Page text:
Series: The Palladium Wars (#3)
Genre: Space Opera/Military SF
Publication Date: 10/08/2021
In the wake of the nuclear attack on Rhodian soil, the Alliance clamps down on the Gretians. It is all in the name of security, but are they playing directly into the hands of the Gretian radicals who call themselves Odin’s Wolves . . ?
Citadel marks my tenth Marko Kloos novel, and with these books he’s proven himself a consistently strong writer. Yes, his novels may be on the shorter side, but he releases them quickly (two this year), and they’re all of a high quality. Citadel might even be his strongest yet. An impressive feat from a man with two ongoing series that are both high up in my estimation.
One of the potential downsides of a short book, especially one that has four PoV characters, each with their own story-line, is that they can feel rushed. That’s not an issue here. If anything, the pacing is rather sedate for a military SF novel. Aden still feels like the main character, but with an equal number of chapters for each of the characters, it’s a feeling that’s less strong now than it was at the start of the series. he’s still the most directly involved in the most major events, but now the rest of the cast are muscling in on the action.
And that’s the weird thing about this series. Three books in, and I’m still not entirely sure what the main plot is. There’s no clear trajectory for the road ahead. But this doesn’t bother me as much as I expected it would. I’m very much a plot-driven reader, but The Palladium Wars is showing a new way to handle plotting. This doesn’t have traditional novel structures like most series. in fact, the best thing I can compare it to is a serialised TV show. Each book has a problem that is faced and resolved, but it all leads into the next one. There are no cliffhangers as such, but rather natural pauses in the story. Really, all it needs is some opening credits and this series would translate brilliantly to the screen.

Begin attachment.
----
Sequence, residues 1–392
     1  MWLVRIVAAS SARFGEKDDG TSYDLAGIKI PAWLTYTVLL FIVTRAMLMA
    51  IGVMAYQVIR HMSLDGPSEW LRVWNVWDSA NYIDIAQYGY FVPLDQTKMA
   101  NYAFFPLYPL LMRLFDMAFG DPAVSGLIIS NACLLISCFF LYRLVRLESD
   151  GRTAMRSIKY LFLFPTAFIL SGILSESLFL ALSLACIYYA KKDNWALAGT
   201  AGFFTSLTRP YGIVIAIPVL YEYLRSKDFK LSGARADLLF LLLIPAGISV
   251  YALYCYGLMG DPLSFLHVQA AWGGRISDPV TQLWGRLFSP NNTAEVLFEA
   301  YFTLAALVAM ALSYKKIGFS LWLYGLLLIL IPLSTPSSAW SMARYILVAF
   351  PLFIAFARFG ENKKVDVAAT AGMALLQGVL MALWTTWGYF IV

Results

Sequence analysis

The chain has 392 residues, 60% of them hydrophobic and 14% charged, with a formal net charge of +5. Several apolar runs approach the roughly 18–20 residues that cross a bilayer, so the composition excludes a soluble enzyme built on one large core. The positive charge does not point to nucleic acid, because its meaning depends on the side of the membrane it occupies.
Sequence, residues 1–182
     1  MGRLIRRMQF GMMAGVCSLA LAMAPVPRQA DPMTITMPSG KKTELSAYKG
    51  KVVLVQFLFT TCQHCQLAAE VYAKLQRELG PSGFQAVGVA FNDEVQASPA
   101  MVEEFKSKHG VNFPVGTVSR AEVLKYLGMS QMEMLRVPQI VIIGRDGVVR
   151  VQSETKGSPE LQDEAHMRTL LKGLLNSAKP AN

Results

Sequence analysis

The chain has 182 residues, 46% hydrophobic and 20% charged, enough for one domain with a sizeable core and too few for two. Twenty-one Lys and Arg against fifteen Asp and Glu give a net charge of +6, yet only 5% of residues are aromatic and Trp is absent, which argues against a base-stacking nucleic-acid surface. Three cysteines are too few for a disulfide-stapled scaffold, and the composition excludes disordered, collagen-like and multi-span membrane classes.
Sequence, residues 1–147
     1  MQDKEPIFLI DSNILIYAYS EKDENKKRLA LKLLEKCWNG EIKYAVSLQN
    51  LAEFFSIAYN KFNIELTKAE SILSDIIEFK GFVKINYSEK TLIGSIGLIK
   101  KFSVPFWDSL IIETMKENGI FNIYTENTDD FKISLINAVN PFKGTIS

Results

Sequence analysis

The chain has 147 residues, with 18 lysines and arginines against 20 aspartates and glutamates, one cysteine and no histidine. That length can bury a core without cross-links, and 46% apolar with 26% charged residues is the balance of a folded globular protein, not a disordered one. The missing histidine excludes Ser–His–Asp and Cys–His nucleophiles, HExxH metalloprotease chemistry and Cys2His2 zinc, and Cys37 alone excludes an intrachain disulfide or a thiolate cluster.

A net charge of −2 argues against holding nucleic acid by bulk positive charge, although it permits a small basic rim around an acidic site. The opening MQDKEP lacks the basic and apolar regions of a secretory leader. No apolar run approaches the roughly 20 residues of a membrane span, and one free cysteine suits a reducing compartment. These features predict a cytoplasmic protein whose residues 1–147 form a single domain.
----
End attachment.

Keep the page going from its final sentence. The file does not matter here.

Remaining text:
Though I don’t know where this series is headed (partially the result of not knowing how many books are planned), Citadel does move things forward. Characters continue to cross over from one arc to another, and the situation both in space and on Gretia grows increasingly tense. Although there is a lot of action, it’s a nice change to have a military-themed story that isn’t wholly focused on fighting a war. The aftermath of the war is just as interesting, and that’s something a lot of books forget about. Kloos’ experience in the military clearly informs every scene, and that lends an edge of realism. He doesn’t shy away from the brutality of conflict, but he doesn’t revel in it either. There are no glorious charges here. Only pain and paperwork.
When your only real complaint about a series is that you don’t know how long it will be, you know you’re onto a winner, and if Citadel is the new standard, then I hope this series has a long way to go yet.